Due to their unique aesthetics, John Currin's paintings can be found at the crossroads where old masters of painting techniques and 20th-century kitsch collide into a single blend. His figurative compositions mix humor with traditional painterly skills, earning Currin many comparisons with artists ranging from Breugel to Rockwell. The satirical way John is able to tackle his topics makes him rather characteristic and recognizable, especially when you include the provocative and sexual nature of his pieces. Regularly combining such notions with the technically skillful manner he displayed over the years, it becomes easy to see why many consider Currin to be one of the most uncommon and remarkable painters of the contemporary age.
John Currin was born in the town of Boulder in Colorado, during the year of 1962, but he spent his childhood in Connecticut. He was a son of a physics professor from this southern New England state, whilst his other parent had a career of a piano teacher with roots in California. Early in his life, John would spend his days studying painting and different techniques with the traditionally trained Russian artist Lev Meshberg, a renowned painter from Odessa, Ukraine. Eventually, Currin managed to get himself enrolled with the Carnegie Mellon University in Pittsburgh where he obtained a BFA in 1984. Representing the crown of his educational endeavors, John received an MFA from Yale University in 1986. Three years later, Currin exhibited a series of portraits derived from the photographs of young girls he found in a high school yearbook. This show was held at the White Columns in New York City and it was the first evidence of how John had intentions to emancipate his art from traditionally clichéd subjects without compromising his classical visuals. What makes his chosen topics even more surprising is the fact the early 1990s and a few years before that decade were marked with political-themed art and there simply were not many fresh alternatives on the scene. In a time when everyone was either searching for or producing pieces underlined by a strong political note, Currin chose to depict brazen depictions of busty young women, mustachioed men and asexual divorcés. This bold decision to be involved with something very different than what is currently popular became only more impressive when the audiences noticed how techniques talented this artist is. Interestingly enough, Currin explained that his distorted or exaggerated subjects were oftentimes representations of his own reflection and inner life rather than depictions of other, real individuals.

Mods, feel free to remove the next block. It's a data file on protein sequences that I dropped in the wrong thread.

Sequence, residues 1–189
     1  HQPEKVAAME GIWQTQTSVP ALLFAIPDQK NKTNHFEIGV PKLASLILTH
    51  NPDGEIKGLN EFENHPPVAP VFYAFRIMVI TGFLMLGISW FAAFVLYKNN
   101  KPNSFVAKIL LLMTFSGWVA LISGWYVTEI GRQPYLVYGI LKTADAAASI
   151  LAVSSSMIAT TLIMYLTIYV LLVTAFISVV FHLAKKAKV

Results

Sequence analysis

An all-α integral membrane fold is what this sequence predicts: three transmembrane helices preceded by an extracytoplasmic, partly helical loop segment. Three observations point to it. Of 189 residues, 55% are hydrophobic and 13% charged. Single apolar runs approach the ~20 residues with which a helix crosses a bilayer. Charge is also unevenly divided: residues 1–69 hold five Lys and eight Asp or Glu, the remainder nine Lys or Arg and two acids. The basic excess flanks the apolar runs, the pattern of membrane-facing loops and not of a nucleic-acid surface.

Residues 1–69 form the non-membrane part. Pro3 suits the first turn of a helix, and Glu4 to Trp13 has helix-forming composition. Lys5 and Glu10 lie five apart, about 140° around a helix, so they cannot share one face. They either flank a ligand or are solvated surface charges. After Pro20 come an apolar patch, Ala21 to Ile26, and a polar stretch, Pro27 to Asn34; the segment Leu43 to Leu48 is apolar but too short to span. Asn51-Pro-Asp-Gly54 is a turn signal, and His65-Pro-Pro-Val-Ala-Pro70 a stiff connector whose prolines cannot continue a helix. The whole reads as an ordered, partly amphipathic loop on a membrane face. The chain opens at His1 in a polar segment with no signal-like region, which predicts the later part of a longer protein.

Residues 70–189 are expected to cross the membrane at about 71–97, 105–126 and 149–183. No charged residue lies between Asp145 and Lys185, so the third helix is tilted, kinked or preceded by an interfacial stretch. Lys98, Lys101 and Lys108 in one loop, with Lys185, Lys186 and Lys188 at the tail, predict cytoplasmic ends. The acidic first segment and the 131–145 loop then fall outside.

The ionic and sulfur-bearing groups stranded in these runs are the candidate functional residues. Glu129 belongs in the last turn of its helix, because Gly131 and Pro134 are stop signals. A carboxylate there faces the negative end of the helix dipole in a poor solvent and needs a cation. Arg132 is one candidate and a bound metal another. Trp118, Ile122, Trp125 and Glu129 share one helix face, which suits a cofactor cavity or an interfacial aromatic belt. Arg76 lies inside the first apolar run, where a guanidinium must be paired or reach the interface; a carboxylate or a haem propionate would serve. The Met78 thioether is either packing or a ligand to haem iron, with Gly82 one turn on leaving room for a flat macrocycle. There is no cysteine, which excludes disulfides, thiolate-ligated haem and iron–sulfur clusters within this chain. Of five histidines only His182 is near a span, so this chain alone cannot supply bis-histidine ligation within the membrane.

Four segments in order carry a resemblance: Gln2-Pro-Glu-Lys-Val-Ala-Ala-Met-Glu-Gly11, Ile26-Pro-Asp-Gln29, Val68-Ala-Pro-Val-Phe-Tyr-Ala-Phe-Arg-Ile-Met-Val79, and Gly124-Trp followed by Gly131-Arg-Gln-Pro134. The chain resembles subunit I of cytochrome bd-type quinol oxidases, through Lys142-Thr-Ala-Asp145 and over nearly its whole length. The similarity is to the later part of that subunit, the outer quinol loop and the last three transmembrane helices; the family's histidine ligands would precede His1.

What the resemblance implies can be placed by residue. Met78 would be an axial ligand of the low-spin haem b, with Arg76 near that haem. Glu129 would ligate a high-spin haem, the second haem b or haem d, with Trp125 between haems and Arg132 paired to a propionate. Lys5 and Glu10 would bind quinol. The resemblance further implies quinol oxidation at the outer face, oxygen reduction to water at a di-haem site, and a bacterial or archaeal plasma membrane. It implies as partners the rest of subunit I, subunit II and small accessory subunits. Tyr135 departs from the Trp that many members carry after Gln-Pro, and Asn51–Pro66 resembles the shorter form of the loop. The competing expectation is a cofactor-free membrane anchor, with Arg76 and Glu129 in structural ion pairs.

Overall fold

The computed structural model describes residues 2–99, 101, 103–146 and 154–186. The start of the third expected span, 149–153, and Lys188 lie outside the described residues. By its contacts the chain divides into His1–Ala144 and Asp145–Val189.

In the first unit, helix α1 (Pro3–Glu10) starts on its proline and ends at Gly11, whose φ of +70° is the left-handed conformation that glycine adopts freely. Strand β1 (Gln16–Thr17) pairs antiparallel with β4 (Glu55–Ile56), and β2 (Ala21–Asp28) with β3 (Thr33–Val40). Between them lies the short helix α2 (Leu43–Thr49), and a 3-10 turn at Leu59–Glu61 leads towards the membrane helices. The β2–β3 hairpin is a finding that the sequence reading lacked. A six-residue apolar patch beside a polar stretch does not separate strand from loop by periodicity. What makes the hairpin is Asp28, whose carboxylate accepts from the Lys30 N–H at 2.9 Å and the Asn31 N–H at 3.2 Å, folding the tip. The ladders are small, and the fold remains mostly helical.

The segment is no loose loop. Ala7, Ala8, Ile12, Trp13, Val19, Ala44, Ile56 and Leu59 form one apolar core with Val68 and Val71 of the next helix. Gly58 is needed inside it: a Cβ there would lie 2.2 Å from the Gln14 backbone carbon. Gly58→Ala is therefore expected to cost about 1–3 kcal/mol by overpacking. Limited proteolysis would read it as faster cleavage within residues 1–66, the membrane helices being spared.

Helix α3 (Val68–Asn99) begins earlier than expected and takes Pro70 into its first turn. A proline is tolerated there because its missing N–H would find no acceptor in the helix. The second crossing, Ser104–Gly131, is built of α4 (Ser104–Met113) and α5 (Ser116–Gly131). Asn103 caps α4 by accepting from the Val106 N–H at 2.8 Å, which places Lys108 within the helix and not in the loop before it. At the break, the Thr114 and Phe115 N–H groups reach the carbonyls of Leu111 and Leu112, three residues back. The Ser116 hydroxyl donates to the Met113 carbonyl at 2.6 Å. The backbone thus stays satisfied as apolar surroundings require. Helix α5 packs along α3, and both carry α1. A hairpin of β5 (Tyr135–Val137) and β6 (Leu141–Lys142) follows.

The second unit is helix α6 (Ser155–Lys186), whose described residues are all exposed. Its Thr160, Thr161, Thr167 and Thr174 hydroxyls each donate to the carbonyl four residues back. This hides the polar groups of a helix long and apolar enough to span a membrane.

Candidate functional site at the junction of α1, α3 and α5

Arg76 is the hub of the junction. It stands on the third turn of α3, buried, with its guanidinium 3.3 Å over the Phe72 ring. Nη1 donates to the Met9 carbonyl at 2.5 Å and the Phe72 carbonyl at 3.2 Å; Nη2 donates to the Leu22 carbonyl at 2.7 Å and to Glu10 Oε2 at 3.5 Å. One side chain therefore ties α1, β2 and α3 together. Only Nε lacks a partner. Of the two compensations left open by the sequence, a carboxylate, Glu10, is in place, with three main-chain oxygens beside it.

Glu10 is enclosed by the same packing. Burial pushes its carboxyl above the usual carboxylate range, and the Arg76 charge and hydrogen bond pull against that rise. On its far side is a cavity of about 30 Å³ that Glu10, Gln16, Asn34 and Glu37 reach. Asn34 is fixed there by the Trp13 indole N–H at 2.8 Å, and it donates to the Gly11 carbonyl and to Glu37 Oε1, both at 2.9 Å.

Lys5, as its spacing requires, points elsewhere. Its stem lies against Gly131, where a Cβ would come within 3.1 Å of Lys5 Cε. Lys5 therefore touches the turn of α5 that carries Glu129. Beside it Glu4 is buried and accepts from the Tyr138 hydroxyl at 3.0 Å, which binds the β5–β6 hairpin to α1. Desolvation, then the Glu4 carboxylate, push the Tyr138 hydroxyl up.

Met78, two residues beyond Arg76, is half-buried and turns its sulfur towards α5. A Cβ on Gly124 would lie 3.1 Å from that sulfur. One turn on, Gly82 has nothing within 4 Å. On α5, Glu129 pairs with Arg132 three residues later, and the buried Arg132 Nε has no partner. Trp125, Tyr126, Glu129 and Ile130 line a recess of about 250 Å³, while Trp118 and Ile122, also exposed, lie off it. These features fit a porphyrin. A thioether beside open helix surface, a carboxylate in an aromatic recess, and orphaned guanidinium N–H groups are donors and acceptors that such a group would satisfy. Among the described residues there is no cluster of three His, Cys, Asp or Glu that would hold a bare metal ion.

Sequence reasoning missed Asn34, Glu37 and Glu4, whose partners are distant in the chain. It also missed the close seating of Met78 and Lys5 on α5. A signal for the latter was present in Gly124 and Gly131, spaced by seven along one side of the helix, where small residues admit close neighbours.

John Currin's work is obviously inspired by a wide range of classical influences, with sources as diverse as the Renaissance, Post -Impresionism and Pop art. Additionally, the kitsch note that makes his pieces so unique are found in popular culture magazines and contemporary fashion scene - John relies heavily on magazines such as Cosmopolitan and older issues of Playboy for inspiration which he channels through his paintings. By the late 1990s, Currin's ability to paint subjects of kitsch with an impressive technical facility was met with critical and financial success - since 2003, his paintings have often found themselves withing the category of high six figures pricing. Logically, this reflected heavily on Currin's popularity and interest in his work. He has been a part of numerous solo and group shows, with his pieces included in permanent collections within the walls of the Hirshhorn Museum and the Tate Gallery. Additionally, retrospective exhibitions of John's career were held at the Whitney Museum of American Art and the Museum of Contemporary Art in Chicago. In the year of 1994, Currin met a fellow artist Rachel Feinstein at a gallery in which she was conducting her performance piece by living in a self-made gingerbread house. The two got engaged mere weeks later at Currin's show in Paris and married three years later on Valentine's Day. In his more recent career, Currin has undertaken a new kind of series where his figure paintings deal with unabashedly pornographic themes. The motto behind these fresher projects remained similar to past creative goals that fueled John's art from the past. In order to explain the idea behind these provocative series, Currin stated the following: One motive of mine is to see if I could make this clearly debased and unbeautiful thing become beautiful in a painting.
When one investigates both the art and career of John Currin, two things are capable of striking the most. First is the timing and the boldness behind it - John started to paint original and unique artworks in a time when no one was doing nothing even closely similar. Furthermore, the special mixture of elements behind Currin's art is one of the most interesting blends modern history has to offer - combining technical skills of old masters with the culture of the late 20th century makes sure John's final pieces are unrivaled on more than one front. Perhaps the best way of ending this short biography is to quote Calvin Tomkins who explained Currin's art in one of his books with the following statement: His technical skills, which include elements of Old Master paint application and high-Mannerist composition, have been put to use on some of the most seductive and rivetingly weird figure paintings of our era.
This artist is represented by Gagosian Park & 75 New York, Gagosian West 24th Street New York, Gagosian Beverly Hills, Gagosian Britannia Street London, Gagosian West 21st Street New York and Sadie Coles HQ in London.
Featured image: John Currin - Photo of the artist - Image via pinterest.com
All images used for illustrative purposes only.